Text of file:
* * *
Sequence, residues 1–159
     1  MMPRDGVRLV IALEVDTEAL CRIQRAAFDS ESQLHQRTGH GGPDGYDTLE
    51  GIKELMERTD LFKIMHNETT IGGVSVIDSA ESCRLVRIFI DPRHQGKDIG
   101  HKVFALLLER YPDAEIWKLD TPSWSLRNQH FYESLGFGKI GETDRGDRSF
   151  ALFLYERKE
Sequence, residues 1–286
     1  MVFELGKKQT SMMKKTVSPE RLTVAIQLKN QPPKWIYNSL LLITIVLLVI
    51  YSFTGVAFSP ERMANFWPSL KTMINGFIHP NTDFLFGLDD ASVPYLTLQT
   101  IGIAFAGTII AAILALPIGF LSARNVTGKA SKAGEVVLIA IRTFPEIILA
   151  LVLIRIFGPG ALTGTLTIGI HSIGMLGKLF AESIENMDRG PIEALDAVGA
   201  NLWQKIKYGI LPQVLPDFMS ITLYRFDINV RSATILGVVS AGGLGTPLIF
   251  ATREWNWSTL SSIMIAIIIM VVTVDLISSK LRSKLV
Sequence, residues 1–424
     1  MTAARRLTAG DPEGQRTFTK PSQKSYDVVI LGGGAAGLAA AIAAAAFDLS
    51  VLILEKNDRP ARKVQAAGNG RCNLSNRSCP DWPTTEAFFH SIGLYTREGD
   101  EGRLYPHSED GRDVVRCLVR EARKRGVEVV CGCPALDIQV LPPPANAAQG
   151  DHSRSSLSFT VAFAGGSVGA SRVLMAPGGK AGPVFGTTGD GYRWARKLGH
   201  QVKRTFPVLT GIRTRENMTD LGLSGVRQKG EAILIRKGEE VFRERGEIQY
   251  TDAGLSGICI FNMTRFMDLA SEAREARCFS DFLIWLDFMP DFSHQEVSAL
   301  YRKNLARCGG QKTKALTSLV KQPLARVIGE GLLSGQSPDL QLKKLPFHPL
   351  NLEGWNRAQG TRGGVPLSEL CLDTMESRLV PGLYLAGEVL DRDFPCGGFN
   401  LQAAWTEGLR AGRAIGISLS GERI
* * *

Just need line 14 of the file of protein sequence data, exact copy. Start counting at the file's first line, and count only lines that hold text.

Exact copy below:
     1  MTAARRLTAG DPEGQRTFTK PSQKSYDVVI LGGGAAGLAA AIAAAAFDLS